With a new version of its product in the offing and $4 million in Series A funding in its pocket, GitLab -- creator of an open source alternative to code-hosting nexus GitHub -- is setting out to expand its reach with enterprise customers.
While it seems nearly impossible for a third party to displace GitHub as a public code-sharing resource, on the enterprise side and behind the firewall GitLab may have a fighting chance -- provided a generation of developers already comfortable with GitHub don't simply opt for GitHub as a default.
Lab or Hub?
GitLab offers many of the same features as GitHub: It's a software repository with a Web front end and many workflow features. But GitLab is open source (MIT-licensed). GitLab can be hosted on the hardware of one's choice, inside or outside the firewall, without upfront payments.
The enterprise edition of GitLab, which comes at a cost, adds enterprise-specific features like deeper support for LDAP, workgroup-related functionality, and closer integration with other workflow systems like JIRA. But some features in the free, open source version also have enterprise appeal, such as direct importing of projects from GitHub and two-factor authentication.
GitLab claims to be flat-out better than GitHub, thanks to features like authentication levels for users and protected branches (although GitHub added a version of the latter earlier this month). Support for large binaries -- which GitHub has long been criticized for not handling well (although recent changes are meant to address the complaint) -- is also part of GitLab's package, albeit only for enterprise users. In addition, GitLab competes on price, costing $49 per user, per year, versus GitHub's $249.
GitLab claims another advantage for the newly released version 8: continuous integration built in by way of GitLab CI, also an MIT-licensed project. That said, GitHub offers Travis CI as a service that's free to open source projects; Travis CI's code is MIT-licensed as well.
Open means free, but does it matter?
There's little question that competition for enterprise code-hosting is fierce. GitHub rolled out its first enterprise offering in 2011 and has long professed its seriousness about the enterprise -- with or without open source. It has tried to appeal to enterprises by applying the well-known GitHub workflow to what happens behind the firewall as well -- not a bad idea, since the public-facing version of GitHub is as familiar to developers as YouTube or Facebook are to lay users. The company also has a huge war chest to work with, literally hundreds of millions of dollars in venture capital, thanks to its latest series B round.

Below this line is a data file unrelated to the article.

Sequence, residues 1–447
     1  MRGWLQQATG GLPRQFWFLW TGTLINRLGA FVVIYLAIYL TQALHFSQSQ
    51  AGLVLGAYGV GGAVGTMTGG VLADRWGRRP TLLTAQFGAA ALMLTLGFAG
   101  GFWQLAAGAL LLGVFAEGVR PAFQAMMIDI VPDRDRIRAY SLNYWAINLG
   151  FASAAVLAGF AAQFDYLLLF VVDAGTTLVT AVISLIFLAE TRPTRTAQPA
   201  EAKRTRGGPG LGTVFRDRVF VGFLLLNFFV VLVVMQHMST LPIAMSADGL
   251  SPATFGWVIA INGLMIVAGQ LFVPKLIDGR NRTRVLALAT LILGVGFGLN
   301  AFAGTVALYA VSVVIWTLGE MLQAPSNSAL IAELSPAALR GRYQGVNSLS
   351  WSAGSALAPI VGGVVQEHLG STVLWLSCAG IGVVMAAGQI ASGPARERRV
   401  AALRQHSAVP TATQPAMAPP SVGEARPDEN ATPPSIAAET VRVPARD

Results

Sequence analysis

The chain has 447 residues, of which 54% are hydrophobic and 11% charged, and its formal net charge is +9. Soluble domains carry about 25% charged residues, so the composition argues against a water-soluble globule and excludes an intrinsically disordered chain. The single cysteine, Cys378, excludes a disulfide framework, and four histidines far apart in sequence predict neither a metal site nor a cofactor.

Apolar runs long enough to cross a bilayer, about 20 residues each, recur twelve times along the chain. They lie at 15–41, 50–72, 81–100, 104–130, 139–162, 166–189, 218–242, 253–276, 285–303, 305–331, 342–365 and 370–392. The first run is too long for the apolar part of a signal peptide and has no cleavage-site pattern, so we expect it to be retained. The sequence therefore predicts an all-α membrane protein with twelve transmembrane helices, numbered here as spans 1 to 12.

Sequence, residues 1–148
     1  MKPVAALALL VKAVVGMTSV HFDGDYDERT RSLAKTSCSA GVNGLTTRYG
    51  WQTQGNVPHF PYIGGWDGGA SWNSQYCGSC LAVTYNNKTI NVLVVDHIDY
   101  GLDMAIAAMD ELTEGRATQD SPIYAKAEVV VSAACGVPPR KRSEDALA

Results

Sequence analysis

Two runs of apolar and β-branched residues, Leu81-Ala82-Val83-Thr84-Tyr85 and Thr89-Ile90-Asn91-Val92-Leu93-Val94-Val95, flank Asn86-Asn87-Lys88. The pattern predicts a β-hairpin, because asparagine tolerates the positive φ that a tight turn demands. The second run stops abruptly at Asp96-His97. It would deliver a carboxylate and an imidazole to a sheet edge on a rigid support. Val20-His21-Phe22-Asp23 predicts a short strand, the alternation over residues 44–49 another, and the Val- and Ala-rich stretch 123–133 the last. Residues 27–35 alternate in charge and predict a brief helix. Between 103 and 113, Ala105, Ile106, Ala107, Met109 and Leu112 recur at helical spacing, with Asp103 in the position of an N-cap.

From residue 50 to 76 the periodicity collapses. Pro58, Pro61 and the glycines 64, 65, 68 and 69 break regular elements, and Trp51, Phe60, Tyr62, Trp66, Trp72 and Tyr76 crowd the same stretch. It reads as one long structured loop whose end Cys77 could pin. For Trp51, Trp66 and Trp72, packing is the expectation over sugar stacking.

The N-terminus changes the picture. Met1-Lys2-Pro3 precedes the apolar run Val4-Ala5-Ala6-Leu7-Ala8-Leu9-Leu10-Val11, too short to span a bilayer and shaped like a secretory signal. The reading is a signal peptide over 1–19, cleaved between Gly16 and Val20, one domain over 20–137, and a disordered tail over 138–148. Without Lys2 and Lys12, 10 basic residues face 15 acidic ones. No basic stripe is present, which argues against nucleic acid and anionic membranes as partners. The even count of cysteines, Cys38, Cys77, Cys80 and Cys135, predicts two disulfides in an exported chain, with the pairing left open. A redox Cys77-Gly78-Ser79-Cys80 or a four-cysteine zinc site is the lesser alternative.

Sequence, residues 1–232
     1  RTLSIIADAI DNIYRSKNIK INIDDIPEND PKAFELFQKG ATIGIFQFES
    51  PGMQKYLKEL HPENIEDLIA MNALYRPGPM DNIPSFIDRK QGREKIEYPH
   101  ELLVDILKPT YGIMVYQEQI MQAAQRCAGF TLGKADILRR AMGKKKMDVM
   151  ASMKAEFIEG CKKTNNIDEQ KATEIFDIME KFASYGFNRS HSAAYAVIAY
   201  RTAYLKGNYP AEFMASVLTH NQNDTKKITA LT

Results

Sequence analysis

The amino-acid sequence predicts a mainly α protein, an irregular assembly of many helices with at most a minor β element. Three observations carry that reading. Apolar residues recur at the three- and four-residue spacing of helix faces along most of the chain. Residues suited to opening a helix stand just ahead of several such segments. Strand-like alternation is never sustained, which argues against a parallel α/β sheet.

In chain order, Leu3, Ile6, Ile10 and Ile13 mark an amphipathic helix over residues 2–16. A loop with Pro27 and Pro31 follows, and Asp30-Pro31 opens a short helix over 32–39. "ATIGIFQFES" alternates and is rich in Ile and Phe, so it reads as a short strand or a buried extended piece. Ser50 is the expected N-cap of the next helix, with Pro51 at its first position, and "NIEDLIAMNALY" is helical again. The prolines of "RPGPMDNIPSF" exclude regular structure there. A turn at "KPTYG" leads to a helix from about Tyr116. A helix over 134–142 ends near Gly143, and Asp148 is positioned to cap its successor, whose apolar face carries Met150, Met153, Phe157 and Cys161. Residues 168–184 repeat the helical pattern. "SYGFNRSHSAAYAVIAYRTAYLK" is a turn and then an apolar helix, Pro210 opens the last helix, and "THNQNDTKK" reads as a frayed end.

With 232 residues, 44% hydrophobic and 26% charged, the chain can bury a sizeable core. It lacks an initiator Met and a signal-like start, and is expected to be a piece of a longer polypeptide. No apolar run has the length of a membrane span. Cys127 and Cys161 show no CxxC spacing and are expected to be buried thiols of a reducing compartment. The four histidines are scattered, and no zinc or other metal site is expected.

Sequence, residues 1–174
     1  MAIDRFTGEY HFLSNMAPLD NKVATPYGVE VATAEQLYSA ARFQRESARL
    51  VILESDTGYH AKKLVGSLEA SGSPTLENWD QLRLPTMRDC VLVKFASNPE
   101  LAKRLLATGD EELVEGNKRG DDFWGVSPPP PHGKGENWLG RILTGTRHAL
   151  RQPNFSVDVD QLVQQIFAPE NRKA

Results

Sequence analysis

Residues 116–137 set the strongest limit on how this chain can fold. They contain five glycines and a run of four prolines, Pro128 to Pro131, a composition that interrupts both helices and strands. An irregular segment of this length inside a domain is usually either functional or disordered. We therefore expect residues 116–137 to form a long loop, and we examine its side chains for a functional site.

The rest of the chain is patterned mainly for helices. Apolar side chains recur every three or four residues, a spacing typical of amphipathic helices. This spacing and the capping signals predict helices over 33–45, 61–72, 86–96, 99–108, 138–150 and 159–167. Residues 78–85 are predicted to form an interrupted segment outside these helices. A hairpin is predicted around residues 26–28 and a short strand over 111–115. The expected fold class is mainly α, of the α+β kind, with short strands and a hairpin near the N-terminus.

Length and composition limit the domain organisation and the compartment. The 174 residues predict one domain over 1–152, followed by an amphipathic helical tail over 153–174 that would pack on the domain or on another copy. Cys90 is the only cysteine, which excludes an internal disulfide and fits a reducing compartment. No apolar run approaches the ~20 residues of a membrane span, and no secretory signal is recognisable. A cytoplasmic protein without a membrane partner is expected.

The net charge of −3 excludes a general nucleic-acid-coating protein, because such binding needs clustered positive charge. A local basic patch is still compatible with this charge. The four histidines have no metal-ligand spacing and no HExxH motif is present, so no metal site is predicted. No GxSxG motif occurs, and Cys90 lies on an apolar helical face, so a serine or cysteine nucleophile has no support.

Meanwhile, other competitors are also upping their game. Atlassian consolidated many of its code-hosting efforts under the Bitbucket brand and claims to be focusing more on the needs of enterprise development teams. Some of its new features, like better support for large files, echo GitLab's own efforts.
Where GitLab may have an edge is that any open source project inevitably results in a version that's perpetually free to use. GitHub Enterprise has a 45-day free trial, but open source comes with an implicit guarantee: What you see is exactly what you get. Modern developers are conscious of -- and highly allergic to and deeply vocal about -- the limits of free-to-use-but-not-open-source products, so GitLab will have some leverage.
Which is stronger: the open source allure of GitLab or the familiarity of GitHub? Rank-and-file developers who are already comfortable with GitHub -- including GitHub's quasi-proprietary feature set -- may decide GitHub and its associated technologies are open enough. The lack of an open source version of GitHub may be no an obstacle for them, and GitLab being open source may not prove enough of an attraction.